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Pudsey and the social networks

Rory Cellan-Jones | 09:05 UK time, Thursday, 18 November 2010

Charitable fund-raising has always been a sociable affair - from lavish society events to "bring and buy" sales at the local school. But has the social media revolution of the last five years transformed fund-raising - and more importantly, has it made us more generous?

Alan Turing

Alan Turing

On the first point there seems little doubt. It feels like we are at the peak of the charity season - on Friday the BBC's annual Children in Need appeal takes place, with another frenzy of activity big and small around the country. There are plenty of other calls on our generosity - from Movember, where men grow moustaches in aid of prostate cancer charities, to an appeal by friends of the Bletchley Park computing museum to save for the nation the papers of the code-breaking genius Alan Turing.

What they have in common is their use of social media to spread the word; indeed, some of the smaller fund-raising efforts are based entirely online. In 2005, the internet was already central to the strategy of plenty of charities and amateur fund-raisers but back then, the principal tool was e-mail.

In 2010, it is the social networks, in particular Facebook, which have become the key platform for online giving. For anyone under 35, and for quite a few older fund-raisers, the obvious way to raise money is to create a page on a donation site and use your Facebook profile to promote the appeal.

Pat Heery

My colleague Pat is attempting a moustache [READ MORE]

I've been looking at an interesting presentation given by Jonathan Waddingham, digital strategist for donation site Justgiving at a fund-raising conference this summer. He says that the number of people raising funds has doubled in the last three years. During that period, the traffic arriving on his site has changed radically in nature.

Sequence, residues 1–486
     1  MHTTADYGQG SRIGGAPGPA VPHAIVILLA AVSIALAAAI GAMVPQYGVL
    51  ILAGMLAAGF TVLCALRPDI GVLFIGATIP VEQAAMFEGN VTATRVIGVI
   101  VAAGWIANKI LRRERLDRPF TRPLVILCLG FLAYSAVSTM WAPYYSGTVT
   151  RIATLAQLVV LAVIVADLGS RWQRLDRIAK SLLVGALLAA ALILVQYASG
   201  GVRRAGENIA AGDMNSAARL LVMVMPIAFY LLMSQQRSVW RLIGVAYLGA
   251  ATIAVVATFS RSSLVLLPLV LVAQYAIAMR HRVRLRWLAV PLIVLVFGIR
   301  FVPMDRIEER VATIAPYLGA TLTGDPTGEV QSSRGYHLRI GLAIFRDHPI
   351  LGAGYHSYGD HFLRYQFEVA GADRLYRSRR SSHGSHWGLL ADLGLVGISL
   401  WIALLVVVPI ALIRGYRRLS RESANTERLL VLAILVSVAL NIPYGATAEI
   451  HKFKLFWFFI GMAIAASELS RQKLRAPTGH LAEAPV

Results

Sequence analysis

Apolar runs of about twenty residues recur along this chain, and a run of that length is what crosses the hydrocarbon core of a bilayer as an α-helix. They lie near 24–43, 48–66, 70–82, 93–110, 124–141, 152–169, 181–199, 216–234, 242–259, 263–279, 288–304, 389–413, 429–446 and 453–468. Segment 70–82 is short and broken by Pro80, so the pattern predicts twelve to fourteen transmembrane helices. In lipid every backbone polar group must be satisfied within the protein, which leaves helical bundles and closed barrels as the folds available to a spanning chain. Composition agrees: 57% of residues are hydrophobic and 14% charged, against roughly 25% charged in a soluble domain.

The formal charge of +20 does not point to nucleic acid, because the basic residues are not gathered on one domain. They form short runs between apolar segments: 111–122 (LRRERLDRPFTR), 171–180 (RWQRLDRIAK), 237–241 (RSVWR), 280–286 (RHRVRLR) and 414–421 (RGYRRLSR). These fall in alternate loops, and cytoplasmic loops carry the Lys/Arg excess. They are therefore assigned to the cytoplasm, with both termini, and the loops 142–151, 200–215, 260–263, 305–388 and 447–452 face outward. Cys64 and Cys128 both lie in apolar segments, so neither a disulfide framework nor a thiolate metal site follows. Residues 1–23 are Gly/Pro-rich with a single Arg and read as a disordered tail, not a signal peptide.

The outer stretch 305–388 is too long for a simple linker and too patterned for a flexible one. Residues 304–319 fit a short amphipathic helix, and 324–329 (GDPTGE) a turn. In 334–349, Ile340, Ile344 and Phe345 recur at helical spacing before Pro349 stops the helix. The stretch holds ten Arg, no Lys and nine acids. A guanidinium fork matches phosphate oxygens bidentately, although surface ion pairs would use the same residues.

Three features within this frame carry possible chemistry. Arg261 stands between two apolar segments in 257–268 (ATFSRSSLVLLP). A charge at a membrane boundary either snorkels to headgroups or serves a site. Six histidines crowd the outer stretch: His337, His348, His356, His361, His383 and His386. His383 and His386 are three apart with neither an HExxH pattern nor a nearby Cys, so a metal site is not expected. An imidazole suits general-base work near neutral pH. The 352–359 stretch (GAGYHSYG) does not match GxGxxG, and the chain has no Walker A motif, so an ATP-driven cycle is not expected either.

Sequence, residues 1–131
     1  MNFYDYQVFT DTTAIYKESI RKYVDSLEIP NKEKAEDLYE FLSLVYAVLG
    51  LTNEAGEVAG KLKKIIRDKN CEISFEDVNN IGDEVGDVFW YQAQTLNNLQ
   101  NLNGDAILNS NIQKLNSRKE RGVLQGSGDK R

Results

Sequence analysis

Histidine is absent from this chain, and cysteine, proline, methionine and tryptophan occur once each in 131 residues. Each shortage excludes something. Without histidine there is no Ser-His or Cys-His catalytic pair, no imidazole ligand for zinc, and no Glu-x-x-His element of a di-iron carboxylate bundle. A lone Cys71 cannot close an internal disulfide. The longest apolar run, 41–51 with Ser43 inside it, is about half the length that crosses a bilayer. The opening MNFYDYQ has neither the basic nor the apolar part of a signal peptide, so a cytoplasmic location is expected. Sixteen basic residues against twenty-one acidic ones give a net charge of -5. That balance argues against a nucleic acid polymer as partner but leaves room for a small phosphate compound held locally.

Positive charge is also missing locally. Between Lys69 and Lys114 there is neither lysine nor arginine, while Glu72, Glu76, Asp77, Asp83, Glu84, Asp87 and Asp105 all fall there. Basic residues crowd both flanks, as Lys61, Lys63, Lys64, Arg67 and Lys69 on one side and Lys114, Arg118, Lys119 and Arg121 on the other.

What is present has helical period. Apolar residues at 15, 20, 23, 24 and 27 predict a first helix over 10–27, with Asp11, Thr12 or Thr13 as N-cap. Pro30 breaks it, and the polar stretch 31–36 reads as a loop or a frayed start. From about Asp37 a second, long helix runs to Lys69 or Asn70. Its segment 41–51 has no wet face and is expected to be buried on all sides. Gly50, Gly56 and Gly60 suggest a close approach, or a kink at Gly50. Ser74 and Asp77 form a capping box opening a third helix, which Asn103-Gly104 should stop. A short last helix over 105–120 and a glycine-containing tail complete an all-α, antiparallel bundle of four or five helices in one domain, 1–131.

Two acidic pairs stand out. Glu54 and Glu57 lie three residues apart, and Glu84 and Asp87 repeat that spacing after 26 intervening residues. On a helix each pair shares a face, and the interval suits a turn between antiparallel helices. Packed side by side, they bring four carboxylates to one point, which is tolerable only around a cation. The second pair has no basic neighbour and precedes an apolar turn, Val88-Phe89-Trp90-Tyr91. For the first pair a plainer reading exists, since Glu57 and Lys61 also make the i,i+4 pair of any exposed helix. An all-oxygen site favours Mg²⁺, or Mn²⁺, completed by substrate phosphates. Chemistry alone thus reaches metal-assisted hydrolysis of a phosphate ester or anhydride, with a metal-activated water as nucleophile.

Back in 2007, much of it came from e-mail services; now 46% is from Facebook. Just 3% is from Twitter, which underlines the fact that the micro-blogging service is still pretty micro in many of its effects on British life.

Another interesting fact: more than half of the online fund-raisers using Justgiving were under 35, while in the offline world it's generally older people involved in charity appeals.

The newer, younger, social fund-raisers are speeding up the whole process, tapping into their personal and professional networks and persuading their contacts to hand over money in a hurry, via the click of a mouse rather than by cash or postal order.

But hold on a minute: is that the whole picture? A report from the Charities Aid Foundation [531Kb PDF] makes less encouraging reading. It looks at 2008 and 2009 and finds an 11% decrease in donations compared to the previous two-year period. That, says the report, reflects the recession and a fall in very large individual donations.

My Children In Need appeal

'I've set myself a ridiculous challenge this year'

As for the method of donation, direct debit may be on the rise, but 48% of donors still chose to use cash, and the number claiming Gift Aid - something promoted by online giving - appears to have plateaued.

So that rather changes the picture. Yes, thousands of people are finding that social networks are a great place to raise a few hundred pounds for a favourite cause. But the big sums are still coming from major corporate and individual donors, and the Charities Aid Foundation's report concludes that encouraging higher earners to give more should be a priority for the charitable sector.

Still, if you want to see innovation, enthusiasm and a sense of community in fund-raising, look to the newer media. And it would be remiss of me not to mention an appeal that uses Twitter, Facebook, eBay, YouTube and Justgiving in support of Children in Need:


  • Comment number 1.

    There is no doubt social networks have empowered the little man but they are open to abuse. I wonder how many of the causes on social networks are scams, I think its the minority but it does ruin it for everyone. For that reason I would rather give in person for example directly to the volunteers doing the graft on the street.

  • Comment number 2.

    I work for Virgin Money, and as any typical Virgin group it is doing fund raising differently. We have a Facebook page, Twitter account and offer a "self service" for people wanting to raise funds for whatever charity they like.

    So yes, it is great to see that companies are using social networking for good causes.

    However, a interesting fact - still the most charity money is raised by putting money in a bucket to someone on the high street.

  • Comment number 3.

    No mention of the seemingly omnipresent chuggers? One of their favourite pitches is directly outside my office and I get accosted on an almost daily basis. Are they the anti-scoical face of charity fund-raising?

  • Comment number 4.

    TheMDawg, unfortunately the "volunteer" in the street is very rarely that, they mainly get paid for doing it now. So I'd rather give through a JustGiving page, where all the money goes to the charity.